To get involved, or for more information:
If you would like to get involved with Well House as a skilled (or skills-building!) volunteer, please contact Well House at 616-245-3910 or [email protected] - ask for Therese Kent or Judi Buchman.
If you are interested in learning more about Encore, skills-based volunteering, or how to get your company team involved in the Vision to End Homelessness, please contact Teresa Zbiciak at the Volunteer Center at [email protected] or by calling 616-459-6281 ext. 664.
Other articles by the same author
By: Teresa Zbiciak, Volunteer Center Program Assistant
In the living room of an old house – one of three owned by Well House—five 4-foot-by-8-foot Inspiration Boards stand propped against walls, windows, and doorways. A crowd of representatives from Well House and the Volunteer Center have gathered in front of them, curious and eager for an interpretation of the colorful layouts, lines, and diverse array of images.
The Inspiration Boards are the result of several months of pro bono design services that The Design Team at Steelcase has provided for Well House, helping the former shelter re-envision its living and work space. The project has become somewhat of a flagship as the Volunteer Center works to significantly increase the number of skills-based volunteer opportunities in the community, particularly with organizations that provide housing, such as Well House.
As housing and shelter providers in Grand Rapids address the complexities of a complete system overhaul, there is tremendous potential and need for innovation in order for the Vision to End Homelessness to come to fruition by 2014. That is why this successful pro-bono design project holds such promise.
“Rather than focusing in on some specific element or elements of the living spaces – we decided to think more broadly about the paradigm shift of an organization transforming from an emergency shelter to permanent housing,” Hyun Yoo, the Design Team’s lead designer explains.
The Design Team has worked diligently, synthesizing information from several visits and interviews with staff and residents, who had identified many opportunities to improve their use of space.
“What we really responded to was an interest in creating more of a campus-like feel,” says Hyun. “What we have provided here is not a specific directive, but more of tool that you can use to help you focus and think strategically about what you already have. It is something that you can return to as you identify new projects, so that you can be deliberate about the changes that you make.”
Key design principles guided the creation of a holistic, intuitive and organized layout and strong community identity. In the proposal, each house is given a new character, with a new purpose, creating a sense of community by providing space where people can gather together.
The design plan establishes specific functions for each house, and notates the natural flow of traffic to different “destinations”. The house with the big community kitchen becomes the Social House. Across the street, a few adjustments and some heavy lifting create a Quiet Commons for studying and laundry. Next door, administrative offices replace a children’s play room that is no longer as needed as it was when Well House was a shelter.
Peggy Smith, a Well House resident, is enthusiastic. “It just makes so much sense!”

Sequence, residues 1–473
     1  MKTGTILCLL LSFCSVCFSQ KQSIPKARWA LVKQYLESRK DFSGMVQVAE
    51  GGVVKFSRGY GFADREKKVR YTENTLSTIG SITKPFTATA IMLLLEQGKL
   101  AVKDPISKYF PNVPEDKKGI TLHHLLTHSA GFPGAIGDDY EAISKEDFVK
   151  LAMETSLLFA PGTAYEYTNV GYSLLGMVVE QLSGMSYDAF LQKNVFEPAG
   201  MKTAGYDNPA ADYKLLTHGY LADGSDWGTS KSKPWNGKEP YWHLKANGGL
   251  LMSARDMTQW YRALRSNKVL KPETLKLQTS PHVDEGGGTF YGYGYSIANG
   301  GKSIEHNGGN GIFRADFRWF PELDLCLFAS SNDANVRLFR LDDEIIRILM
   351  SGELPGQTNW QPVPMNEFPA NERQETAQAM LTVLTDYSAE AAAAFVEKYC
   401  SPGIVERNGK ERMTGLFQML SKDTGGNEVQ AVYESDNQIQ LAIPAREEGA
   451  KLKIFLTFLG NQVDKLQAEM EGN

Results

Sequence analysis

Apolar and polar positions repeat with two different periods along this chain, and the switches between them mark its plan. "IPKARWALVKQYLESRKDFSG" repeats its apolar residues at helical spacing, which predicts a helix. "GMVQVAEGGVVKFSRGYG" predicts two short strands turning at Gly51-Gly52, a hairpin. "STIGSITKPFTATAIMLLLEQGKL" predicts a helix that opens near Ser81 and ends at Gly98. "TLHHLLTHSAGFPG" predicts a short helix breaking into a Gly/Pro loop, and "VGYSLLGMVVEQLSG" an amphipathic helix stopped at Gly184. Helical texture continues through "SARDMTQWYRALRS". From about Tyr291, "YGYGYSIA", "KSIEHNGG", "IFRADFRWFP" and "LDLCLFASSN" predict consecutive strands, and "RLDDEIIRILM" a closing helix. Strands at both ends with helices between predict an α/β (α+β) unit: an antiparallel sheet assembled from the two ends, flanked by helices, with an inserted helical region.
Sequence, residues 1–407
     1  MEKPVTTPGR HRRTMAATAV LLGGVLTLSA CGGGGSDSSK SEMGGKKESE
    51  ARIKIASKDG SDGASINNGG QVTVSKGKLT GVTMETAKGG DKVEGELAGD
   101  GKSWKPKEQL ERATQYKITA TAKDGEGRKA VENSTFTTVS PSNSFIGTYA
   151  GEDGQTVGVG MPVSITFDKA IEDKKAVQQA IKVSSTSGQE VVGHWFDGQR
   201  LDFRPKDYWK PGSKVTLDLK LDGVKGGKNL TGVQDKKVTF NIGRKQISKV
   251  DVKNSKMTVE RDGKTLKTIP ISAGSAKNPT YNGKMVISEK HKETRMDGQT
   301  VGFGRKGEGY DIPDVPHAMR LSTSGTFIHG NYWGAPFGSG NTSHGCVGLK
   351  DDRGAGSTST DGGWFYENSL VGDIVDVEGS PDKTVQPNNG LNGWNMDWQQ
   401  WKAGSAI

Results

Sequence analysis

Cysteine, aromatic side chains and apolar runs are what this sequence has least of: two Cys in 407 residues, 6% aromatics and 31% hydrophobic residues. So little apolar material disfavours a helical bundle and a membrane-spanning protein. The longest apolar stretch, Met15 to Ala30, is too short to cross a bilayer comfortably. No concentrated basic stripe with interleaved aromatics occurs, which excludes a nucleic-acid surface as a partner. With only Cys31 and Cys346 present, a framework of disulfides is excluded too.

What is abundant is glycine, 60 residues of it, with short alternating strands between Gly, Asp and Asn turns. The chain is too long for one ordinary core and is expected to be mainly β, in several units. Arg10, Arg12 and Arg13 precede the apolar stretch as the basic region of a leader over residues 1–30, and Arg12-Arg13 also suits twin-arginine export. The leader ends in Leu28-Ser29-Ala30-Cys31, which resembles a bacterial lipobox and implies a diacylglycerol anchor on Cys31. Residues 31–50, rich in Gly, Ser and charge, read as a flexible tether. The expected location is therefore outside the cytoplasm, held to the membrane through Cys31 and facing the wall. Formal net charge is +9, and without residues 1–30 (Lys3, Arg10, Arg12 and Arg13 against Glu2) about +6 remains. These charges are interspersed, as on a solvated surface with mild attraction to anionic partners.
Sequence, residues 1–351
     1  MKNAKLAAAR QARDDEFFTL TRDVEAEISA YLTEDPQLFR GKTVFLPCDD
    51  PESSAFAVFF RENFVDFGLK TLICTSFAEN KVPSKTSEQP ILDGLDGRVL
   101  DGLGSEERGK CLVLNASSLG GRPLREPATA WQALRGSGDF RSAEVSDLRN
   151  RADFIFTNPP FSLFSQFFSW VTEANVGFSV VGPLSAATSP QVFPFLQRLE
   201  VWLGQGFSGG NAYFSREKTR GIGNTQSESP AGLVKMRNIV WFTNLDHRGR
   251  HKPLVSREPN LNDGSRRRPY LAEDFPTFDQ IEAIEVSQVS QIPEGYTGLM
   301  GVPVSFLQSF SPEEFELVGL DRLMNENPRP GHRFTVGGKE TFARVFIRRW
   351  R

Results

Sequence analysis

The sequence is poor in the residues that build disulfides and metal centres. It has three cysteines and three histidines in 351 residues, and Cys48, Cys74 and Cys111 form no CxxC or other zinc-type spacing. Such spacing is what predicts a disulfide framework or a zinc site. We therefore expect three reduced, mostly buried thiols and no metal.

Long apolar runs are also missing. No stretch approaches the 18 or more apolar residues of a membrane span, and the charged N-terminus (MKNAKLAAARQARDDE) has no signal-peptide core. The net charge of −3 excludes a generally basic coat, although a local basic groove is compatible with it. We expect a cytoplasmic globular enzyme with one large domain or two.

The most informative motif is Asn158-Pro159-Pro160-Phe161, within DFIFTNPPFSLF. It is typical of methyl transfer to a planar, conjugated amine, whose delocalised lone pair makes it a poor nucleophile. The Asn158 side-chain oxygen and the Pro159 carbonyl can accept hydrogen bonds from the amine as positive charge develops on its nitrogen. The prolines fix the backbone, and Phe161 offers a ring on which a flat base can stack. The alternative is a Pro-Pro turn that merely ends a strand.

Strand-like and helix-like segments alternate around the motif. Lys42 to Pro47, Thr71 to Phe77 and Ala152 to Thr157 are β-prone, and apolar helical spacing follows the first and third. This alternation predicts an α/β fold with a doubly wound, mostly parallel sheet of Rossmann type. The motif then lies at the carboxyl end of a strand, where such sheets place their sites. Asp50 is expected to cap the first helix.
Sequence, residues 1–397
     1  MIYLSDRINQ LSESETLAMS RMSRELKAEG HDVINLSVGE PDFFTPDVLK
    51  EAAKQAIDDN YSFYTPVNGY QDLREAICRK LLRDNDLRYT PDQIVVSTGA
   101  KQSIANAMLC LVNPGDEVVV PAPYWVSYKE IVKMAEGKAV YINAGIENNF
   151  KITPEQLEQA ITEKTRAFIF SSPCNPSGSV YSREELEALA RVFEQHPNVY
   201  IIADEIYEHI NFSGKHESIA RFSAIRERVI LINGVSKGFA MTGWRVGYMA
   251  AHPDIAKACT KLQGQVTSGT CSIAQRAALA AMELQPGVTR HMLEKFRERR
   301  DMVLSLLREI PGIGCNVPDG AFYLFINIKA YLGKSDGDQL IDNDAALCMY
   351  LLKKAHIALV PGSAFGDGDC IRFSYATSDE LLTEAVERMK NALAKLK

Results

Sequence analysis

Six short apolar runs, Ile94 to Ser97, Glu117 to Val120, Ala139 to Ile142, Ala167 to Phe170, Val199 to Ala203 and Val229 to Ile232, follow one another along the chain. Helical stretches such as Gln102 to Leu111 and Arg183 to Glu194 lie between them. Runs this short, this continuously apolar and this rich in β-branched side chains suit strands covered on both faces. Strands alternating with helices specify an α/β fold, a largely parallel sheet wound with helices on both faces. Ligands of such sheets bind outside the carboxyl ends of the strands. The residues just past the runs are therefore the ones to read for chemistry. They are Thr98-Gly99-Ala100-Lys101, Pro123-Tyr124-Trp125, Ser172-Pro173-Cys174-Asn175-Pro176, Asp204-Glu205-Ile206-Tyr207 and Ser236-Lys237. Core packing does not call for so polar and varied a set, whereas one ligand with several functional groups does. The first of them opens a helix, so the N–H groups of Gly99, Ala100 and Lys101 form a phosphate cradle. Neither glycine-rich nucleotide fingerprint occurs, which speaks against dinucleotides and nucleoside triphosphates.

Ruby Miller, former live-in staff member and current Board Chair, reflects, “It’s really fascinating to see how these design principles that are usually applied to a broader business world can be scaled to fit these houses.”
Well House director, Judi Buchman is inspired by “the power of thinking with a holistic concept that looks at Well House from the outside! Their ideas don't seem dropped upon Well House, but are challenging us to take the concepts and make them on our own within a doable framework. This encourages us to look at what we can do right now to address these issues. “
The designers share in their enthusiasm, and also express how beneficial the experience of creating the project had been for them. The team members rarely, if ever, have the opportunity to work together on a single project, particularly one where they could work towards such a specific goal.
“Usually we have this research that tells us, statistically, this person exists – and so we design for that generalized abstracted data. In our everyday work, we don’t get the opportunity to respond to a real place with real individual people with all of their unique characteristics,” says designer Von Robinson. “It’s exciting to work on a project that can so directly shape the community.”
From here, Well House staff and residents can readily identify projects for moving forward based on the Design Team’s proposal. Well House is collaborating with the Volunteer Center to match volunteers with a spectrum of skills-based and traditional volunteer opportunities on United Way's Day of Caring and throughout the year. Well House is also looking to create an Encore Team to help create new partnerships within the community as a part of this exciting new venture for these organizations and towards the Vision to End Homelessness.
It is an exciting place to start.
Disclosure: Teresa Zbiciak is a VISTA with the Volunteer Center at Heart of West Michigan United Way.
Heart of West Michigan United Way United Way unites community resources to invest in solutions that reduce poverty in West Michigan. As an integral part of Kent County since 1917, United Way convenes and collaborates with other organizations throughout West Michigan to create a thriving community for all who live and work here. To learn more, get help, or find where you’re needed, visit hwmuw.org.